New England women guided the household, but remained subject to their fathers’ or husbands’ authority. Men believed women had the mental capacity to manage large households, many children and servants, and often a cottage industry like brewing beer, tending a shop, seamstressing, or cooking, but apparently not to be formally-educated women who discussed theology, as did Anne Hutchinson and later, Mary Dyer. Both of those women were logical thinkers who could read and write—a dangerous combination which could lead to unorthodoxy and heresy.  


1630--Old Woman Reading a Bible,
Gerrit DouNetherlands
A few women were well-educated from their early years in England, as a result of tutors or fathers guiding their learning. They were the exception, not the rule. Most Puritan women could read well enough to get through their Bibles, but that was all. In the first decades of colonial New England, schools were only for boys.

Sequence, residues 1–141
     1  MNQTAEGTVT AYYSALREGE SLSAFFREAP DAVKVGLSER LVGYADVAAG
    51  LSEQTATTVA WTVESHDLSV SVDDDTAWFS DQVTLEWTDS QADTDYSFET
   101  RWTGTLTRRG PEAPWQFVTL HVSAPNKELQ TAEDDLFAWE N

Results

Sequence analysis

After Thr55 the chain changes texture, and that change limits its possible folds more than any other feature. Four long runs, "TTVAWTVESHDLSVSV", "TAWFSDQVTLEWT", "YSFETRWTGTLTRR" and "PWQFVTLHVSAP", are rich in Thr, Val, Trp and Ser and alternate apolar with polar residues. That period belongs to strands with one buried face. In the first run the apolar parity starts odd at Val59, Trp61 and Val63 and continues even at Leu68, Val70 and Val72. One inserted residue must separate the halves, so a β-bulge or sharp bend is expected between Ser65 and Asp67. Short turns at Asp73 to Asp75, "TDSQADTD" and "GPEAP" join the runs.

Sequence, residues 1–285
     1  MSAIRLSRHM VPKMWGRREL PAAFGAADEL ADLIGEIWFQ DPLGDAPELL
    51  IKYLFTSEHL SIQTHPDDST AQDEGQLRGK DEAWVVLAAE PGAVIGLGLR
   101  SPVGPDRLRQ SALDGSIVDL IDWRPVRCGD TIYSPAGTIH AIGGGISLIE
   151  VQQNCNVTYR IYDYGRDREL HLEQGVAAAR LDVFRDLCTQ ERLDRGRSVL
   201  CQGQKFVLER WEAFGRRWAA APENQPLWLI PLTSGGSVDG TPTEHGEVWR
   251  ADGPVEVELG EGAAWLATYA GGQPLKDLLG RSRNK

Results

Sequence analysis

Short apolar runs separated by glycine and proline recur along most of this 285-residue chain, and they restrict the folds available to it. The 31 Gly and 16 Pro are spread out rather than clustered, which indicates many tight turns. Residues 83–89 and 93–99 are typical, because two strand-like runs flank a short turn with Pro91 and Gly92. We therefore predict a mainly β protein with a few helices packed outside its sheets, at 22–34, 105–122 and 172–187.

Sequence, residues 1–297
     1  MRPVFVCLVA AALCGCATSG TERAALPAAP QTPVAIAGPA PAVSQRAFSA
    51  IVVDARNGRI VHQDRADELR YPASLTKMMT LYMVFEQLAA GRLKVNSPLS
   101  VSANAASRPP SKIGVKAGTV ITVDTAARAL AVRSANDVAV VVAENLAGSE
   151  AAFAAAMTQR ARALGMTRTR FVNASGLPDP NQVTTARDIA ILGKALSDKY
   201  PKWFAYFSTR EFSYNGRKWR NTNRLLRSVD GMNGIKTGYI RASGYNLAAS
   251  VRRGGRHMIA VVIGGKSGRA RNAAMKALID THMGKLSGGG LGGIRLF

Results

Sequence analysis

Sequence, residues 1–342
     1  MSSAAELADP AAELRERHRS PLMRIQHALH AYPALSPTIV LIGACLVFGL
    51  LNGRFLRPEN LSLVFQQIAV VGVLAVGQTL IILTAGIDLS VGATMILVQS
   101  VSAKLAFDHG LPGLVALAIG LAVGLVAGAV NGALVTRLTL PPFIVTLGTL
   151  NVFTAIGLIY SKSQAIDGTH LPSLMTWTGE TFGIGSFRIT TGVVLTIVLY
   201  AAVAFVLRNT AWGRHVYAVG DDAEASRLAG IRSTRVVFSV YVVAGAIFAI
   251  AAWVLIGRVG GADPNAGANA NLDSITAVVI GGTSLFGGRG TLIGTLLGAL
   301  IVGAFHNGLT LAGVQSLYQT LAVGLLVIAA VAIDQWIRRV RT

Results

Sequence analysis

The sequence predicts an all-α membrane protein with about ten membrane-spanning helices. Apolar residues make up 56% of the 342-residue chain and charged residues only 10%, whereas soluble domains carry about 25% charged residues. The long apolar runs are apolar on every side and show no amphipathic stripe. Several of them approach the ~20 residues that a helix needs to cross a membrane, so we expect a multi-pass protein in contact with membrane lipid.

Ann Yale Hopkins, the wife of Governor Edward Hopkins of Connecticut in the 1640s and ‘50s, was believed to have gone insane not because she inherited madness or was driven to it by illness, injury, fear, or unbearable hardships of first-generation settlers (understandable contributing factors), but because of her scholarship and the resulting mental exhaustion.

Massachusetts Bay colonial Gov. John Winthrop, whose beloved wife Margaret wrote letters and conducted her husband’s business in England while he started the colony in Boston, wrote of Ann Hopkins: